We have entered into the spirit of celebrating the First World War in a modest way with the introduction of a “Poppy Trail” around the buildings.  Some new cabinet displays have been introduced to show a range of household and aviation artefacts of the period, created a large display of postcard images of recruitment and War Bonds’ posters, and “poppied” existing WWI exhibits around the site so that visitors can easily spot them and note their special significance to the period.

We have also been pleased to welcome an increasing number of visitors from the U.S. in the last year or two, including a 446th Bomb Group USAAF veteran of 93!  Herb Gold travelled alone across the pond and was extremely sprightly for his age.  He was naturally quite overcome to visit the old Bungay/Flixton airfield and huts again after some 70 years; all recorded on a BBC TV Inside Out programme.  This was the third television programme devoted to us in the last year or two.  Earlier, the BBC had made a documentary about what we do and, in particular, the rescue of bricks from a local building that was due to be demolished.  The Ditchingham Maltings had been the home of Station Q-104 USAAF in WWII, and some of the personnel had recorded their stay by scratching names and home towns on an external brick wall.  Our Curator Huby Fairhead had kept an eye on these over the years and when demolition was planned he was instrumental in raising awareness and having the wall carefully dismantled by the developer (P J Livesey Group of Manchester) in order to preserve the bricks in question.  These are now displayed in our 446th BG building, and can also be viewed on the website.  Contact has been made with many family members of those named and this has generated a lot of correspondence.  The lack of a precise address has meant that some of those recorded could not be researched.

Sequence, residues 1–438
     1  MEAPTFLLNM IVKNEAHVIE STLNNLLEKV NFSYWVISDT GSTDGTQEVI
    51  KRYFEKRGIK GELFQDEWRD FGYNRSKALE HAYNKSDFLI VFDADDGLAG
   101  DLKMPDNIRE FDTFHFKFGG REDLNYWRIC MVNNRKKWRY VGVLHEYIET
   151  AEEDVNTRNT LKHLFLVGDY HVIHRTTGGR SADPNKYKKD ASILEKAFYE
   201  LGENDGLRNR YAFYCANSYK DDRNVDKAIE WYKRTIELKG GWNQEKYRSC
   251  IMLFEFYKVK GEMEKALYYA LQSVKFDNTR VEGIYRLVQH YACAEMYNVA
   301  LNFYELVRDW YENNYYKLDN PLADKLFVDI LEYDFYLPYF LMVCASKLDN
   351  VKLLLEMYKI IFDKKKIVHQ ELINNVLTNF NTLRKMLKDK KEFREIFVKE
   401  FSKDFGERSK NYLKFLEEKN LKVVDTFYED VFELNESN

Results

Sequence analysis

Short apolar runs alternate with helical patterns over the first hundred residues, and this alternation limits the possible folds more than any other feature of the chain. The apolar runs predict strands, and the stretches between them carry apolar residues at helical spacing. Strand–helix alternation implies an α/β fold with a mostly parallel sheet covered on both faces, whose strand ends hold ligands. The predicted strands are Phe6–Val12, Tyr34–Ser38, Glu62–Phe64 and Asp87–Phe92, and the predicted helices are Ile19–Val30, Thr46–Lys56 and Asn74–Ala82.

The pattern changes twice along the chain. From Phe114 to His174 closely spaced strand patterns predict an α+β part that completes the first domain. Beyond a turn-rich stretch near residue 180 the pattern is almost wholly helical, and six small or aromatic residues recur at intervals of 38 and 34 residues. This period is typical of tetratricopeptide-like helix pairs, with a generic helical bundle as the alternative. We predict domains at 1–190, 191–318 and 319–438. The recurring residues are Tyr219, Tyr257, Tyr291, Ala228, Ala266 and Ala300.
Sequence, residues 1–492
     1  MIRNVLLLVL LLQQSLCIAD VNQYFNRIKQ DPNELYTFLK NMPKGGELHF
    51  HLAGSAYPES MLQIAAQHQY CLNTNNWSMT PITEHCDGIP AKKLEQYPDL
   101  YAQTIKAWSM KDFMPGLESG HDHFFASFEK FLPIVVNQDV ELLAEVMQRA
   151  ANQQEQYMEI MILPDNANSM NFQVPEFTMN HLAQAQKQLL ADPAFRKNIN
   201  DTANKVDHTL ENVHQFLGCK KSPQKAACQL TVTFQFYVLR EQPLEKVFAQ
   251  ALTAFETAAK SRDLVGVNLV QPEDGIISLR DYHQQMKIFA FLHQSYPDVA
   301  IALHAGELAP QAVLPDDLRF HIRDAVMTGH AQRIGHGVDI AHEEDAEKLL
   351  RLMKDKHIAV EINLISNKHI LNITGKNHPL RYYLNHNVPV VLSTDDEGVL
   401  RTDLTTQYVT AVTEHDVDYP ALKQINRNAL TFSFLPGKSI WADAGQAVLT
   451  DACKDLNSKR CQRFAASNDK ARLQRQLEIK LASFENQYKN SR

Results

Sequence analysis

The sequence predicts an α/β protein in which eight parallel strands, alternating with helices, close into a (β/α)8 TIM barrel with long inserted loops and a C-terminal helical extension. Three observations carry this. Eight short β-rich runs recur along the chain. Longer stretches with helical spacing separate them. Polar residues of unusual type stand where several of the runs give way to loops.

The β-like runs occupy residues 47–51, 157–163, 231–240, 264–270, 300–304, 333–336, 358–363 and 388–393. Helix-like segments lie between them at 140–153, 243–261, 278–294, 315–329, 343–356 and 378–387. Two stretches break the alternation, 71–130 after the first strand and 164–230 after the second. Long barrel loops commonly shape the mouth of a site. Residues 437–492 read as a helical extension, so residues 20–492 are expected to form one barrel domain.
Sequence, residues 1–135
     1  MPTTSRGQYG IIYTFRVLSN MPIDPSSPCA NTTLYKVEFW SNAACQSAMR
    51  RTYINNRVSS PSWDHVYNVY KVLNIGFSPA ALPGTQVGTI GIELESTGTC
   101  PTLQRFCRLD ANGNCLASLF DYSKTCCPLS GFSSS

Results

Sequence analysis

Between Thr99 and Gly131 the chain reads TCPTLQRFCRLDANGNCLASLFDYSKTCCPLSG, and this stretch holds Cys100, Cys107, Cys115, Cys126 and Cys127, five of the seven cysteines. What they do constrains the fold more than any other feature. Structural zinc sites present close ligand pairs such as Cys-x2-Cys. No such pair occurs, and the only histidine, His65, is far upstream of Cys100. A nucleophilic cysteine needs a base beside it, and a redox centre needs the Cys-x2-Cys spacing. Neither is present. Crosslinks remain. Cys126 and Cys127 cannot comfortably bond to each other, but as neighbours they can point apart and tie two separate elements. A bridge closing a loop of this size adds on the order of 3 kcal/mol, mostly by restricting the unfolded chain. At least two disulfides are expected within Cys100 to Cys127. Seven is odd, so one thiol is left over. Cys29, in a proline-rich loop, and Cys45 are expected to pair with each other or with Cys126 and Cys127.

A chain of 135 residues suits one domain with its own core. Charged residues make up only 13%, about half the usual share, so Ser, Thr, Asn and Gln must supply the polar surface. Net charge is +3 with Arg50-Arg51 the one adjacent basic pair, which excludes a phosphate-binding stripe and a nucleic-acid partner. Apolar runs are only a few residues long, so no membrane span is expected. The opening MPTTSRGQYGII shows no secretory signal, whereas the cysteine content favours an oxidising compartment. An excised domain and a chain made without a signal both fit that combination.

Work undertaken by volunteers around our site ensures an interesting time for our many visitors but much of the activities tend not to have much to do with aviation!  Our rural location means that teams are devoted to grass-cutting, tree-lopping, and road/building maintenance, or refurbishing external seating and car-parking areas.  Those with carpentry and engineering skills are called upon to mix jobs between building display cabinets, artefact restoration/cleaning/conservation, and the upkeep of the site in one way or another.  Our electricians seem to be forever changing tubes, checking/installing CCTV monitors, or re-wiring something.   One growing team is devoted to maintaining the Link trainers and simulators, manning them when required, plus introducing new inter-active displays and making IT improvements.   Another is concerned with logging new artefact donations and maintaining the growing Library & Archive.  Whilst some members attend several days a week, others may be less frequent, or support us by undertaking research at home and keep in touch with our followers via social media sites.  We are grateful to visitors who take the time to record their views, especially on sites such as TripAdvisor; it means a lot to us to read so many complimentary comments.

2015 looks to be a busy year for us again with a growing list of special events, plus school group visits, dedicated Beaver & Cub days, and visits by members to residential care homes with an assortment of artefacts to stimulate memories. Unexpected maintenance costs over the winter months, however, will mean that we shall budget even more strictly than usual but visitors will not notice this.    We have never charged for admission but it would be greatly appreciated if you gave a donation on leaving.  We look forward to your visit!